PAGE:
Proof. is a RKS which is a generalization of [12, Theorem ] with essentially the same proofs. Let be the reproducing kernel function of . In view of (2), , and , we have the following equality using the integration by parts: Here is an arbitrary function of . In order to obtain reproducing property, namely, let
Since the eigenvalues of (7) are all zero and sixfold, the general solutions of (7) have the form of (3). Next, we need to establish 38 equations for calculating the coefficients which are functions on . It is obvious that 4 equations can be obtained from boundary value conditions and (6) give 10 equations. According to (7), we have 12 equations. Finally, 12 equations follow from the continuity at .

For , the concrete expression of is given by Lemma 2

Similar to Theorem 4, we show another RKS: is an absolutely continuous real value function in , , and . The inner product is given by and we calculate the reproducing kernel function is as the following form:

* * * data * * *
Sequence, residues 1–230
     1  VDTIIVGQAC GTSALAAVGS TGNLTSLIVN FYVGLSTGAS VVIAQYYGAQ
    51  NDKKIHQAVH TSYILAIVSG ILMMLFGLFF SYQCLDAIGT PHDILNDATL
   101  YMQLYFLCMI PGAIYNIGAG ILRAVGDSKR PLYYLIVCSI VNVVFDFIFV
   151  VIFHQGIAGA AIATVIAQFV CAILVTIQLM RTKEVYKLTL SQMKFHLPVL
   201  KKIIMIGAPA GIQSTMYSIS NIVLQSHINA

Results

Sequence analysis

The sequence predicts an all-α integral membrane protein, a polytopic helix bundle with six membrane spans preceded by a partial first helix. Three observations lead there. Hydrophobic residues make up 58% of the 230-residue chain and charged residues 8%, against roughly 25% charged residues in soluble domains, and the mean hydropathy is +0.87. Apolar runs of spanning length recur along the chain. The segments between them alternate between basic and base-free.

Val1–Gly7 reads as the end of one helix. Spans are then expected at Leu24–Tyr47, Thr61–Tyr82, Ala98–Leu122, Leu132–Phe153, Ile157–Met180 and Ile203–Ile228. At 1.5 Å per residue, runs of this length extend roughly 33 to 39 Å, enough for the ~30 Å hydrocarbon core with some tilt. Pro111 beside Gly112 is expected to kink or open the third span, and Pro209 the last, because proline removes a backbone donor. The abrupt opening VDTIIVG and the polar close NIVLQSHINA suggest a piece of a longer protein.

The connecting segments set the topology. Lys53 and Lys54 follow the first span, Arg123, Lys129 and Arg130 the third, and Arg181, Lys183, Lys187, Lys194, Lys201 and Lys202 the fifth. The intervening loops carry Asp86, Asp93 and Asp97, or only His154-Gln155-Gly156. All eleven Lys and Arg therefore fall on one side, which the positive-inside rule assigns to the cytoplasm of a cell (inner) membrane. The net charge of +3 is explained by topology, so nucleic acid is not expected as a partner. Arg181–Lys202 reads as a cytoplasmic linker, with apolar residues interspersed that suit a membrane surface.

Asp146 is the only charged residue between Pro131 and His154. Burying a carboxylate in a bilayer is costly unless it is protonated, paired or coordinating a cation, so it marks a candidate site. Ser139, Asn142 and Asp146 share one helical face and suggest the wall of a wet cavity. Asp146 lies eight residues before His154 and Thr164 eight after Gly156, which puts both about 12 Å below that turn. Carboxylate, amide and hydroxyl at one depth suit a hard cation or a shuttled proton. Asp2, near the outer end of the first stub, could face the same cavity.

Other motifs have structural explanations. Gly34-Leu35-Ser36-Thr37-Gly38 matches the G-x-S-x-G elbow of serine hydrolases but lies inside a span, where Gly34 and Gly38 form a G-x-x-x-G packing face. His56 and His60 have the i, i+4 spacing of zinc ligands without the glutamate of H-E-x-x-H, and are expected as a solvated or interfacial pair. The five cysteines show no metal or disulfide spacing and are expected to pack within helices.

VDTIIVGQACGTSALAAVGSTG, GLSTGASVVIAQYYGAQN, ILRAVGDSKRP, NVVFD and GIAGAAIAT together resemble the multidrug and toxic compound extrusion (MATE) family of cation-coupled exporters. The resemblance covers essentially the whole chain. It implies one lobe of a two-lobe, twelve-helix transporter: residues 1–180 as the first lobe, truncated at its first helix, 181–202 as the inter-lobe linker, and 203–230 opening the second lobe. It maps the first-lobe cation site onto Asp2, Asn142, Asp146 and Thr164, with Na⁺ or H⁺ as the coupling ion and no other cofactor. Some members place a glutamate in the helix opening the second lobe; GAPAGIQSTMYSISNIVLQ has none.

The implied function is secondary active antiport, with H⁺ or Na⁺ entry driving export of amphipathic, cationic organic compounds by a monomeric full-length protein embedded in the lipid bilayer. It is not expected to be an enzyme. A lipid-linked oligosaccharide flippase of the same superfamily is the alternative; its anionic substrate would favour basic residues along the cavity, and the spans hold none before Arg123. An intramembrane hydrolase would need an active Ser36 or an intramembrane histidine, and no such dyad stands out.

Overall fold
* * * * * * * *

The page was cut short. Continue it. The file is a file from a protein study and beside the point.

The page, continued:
Definition 5. Let , and is a completely continuous real value function in , , , and . The inner product in is given by

Theorem 6. The space is a reproducing kernel space and its reproducing kernel is where and are reproducing kernel functions of and , respectively.

Proof. We need to prove that satisfies the reproducing property; namely,

3. The Numerical Method

A subspace in is defined by Then we define a linear operator :

Lemma 7. is an invertible bounded linear operator.

Proof. Consider the following Due to the definition of  , we get , and ; then it follows that Therefore (1) is turned into the following operator equation: Since (19) has a unique solution [1], it indicates is invertible. The proof is complete.

For the reproducing kernel function of , we choose a countable dense subset and define where denotes operator which acts on .

Lemma 8. The function system is a complete system in .

Proof. It follows that from the definition of and . Next we will see it is complete; that is, if , then we can get . For every , it holds Note that is a countable dense subset in ; hence, . It follows that from the existence of .